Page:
Genesis 38:26 Parallel Verses [⇓ See commentary ⇓]

Genesis 38:26, NIV: Judah recognized them and said, 'She is more righteous than I, since I wouldn't give her to my son Shelah.' And he did not sleep with her again.

Genesis 38:26, ESV: Then Judah identified them and said, “She is more righteous than I, since I did not give her to my son Shelah.” And he did not know her again.

Genesis 38:26, KJV: And Judah acknowledged them, and said, She hath been more righteous than I; because that I gave her not to Shelah my son. And he knew her again no more.

Genesis 38:26, NASB: And Judah recognized them, and said, 'She is more righteous than I, since I did not give her to my son Shelah.' And he did not have relations with her again.

Genesis 38:26, NLT: Judah recognized them immediately and said, 'She is more righteous than I am, because I didn't arrange for her to marry my son Shelah.' And Judah never slept with Tamar again.

Genesis 38:26, CSB: Judah recognized them and said, "She is more in the right than I, since I did not give her to my son Shelah." And he did not know her intimately again.

What does Genesis 38:26 mean? [⇑ See verse text ⇑]

Judah realizes that he has been caught in a trap, laid for him by Tamar (Genesis 38:14–19). More than that, though, he realizes he is not merely guilty, but even more guilty than she is. He admits his guilt in not following through on his commitment to marry his third son to Tamar (Genesis 38:11). Tamar's desperate move was inspired by being a childless widow; Judah's broken promise left her with little hope.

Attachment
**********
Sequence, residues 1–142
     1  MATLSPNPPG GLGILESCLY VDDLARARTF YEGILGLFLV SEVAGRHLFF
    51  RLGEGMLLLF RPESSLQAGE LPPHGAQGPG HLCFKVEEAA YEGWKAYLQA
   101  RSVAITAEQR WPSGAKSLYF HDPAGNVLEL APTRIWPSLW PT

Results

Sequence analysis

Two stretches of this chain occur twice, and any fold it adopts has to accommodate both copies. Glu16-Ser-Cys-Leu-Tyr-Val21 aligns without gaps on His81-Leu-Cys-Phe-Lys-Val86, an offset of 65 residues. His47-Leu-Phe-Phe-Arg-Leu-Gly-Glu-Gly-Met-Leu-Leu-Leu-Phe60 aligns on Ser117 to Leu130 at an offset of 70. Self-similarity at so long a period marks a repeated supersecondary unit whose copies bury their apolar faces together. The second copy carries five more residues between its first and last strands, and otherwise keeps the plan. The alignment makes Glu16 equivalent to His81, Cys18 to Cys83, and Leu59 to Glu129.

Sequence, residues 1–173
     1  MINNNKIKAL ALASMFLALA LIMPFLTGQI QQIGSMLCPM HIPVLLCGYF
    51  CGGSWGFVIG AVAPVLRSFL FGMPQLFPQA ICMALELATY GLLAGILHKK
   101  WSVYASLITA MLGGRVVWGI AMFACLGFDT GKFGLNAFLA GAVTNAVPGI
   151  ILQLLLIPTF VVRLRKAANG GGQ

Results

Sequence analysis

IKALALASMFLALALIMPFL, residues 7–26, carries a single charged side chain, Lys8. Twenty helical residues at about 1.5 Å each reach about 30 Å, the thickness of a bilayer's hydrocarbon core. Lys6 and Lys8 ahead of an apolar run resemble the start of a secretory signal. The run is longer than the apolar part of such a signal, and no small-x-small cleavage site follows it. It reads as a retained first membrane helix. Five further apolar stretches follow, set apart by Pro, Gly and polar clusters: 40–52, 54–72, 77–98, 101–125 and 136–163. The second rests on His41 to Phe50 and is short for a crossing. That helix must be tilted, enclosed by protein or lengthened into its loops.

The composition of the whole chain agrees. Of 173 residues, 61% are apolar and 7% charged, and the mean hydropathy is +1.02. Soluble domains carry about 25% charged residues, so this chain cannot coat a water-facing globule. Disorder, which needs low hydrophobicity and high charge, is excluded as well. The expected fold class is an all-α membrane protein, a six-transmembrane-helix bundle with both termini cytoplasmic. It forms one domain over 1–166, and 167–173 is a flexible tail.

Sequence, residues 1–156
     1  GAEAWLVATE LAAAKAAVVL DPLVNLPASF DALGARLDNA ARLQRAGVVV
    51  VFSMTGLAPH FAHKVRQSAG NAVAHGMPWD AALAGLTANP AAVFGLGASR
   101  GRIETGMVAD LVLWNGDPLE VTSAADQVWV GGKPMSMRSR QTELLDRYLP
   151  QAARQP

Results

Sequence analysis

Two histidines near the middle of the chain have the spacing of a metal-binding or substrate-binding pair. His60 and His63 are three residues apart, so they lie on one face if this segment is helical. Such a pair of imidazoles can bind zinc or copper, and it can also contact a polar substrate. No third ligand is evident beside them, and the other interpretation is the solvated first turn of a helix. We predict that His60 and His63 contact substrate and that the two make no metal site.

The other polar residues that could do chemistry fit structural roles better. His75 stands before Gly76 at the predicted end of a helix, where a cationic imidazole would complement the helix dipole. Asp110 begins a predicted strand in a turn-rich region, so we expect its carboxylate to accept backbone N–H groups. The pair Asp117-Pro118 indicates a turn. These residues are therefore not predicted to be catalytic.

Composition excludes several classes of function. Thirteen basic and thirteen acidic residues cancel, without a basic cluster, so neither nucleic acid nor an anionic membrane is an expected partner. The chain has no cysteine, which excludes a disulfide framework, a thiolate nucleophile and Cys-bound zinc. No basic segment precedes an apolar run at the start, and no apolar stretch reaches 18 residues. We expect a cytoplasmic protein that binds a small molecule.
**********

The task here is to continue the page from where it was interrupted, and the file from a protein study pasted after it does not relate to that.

It's important to note that Judah does not say Tamar is guiltless. Tamar's actions aren't justified, in any sense, but Judah fully realizes his role in creating the situation. And, of course, he's at least guilty of the basic sin for which he was just demanding Tamar suffer a death sentence. In essence, Judah says that whatever Tamar has done, his own sin is worse. He, too, is guilty of sexual immorality, as well as lying and abandoning a widow.

Scripture gives no details on the relationship between Judah and Tamar from this point forward. All we know is that Judah did not again sleep with her: there was no continued sexual relationship. Whether she was taken in as a full-fledged wife, or merely cared for in the household, we are not told. For all intents and purposes, Judah has taken on the "levirate" responsibility (Deuteronomy 25:5–6) which should have fallen to his son (Genesis 38:11).

Tamar's plan was extremely dangerous. She was fortunate, in a sense, to have become pregnant and had the opportunity to prove Judah's involvement. Once again, Israel's early history is marked by grand deception and startling revelations (Genesis 27:34–35; 29:21–27; 37:23–28).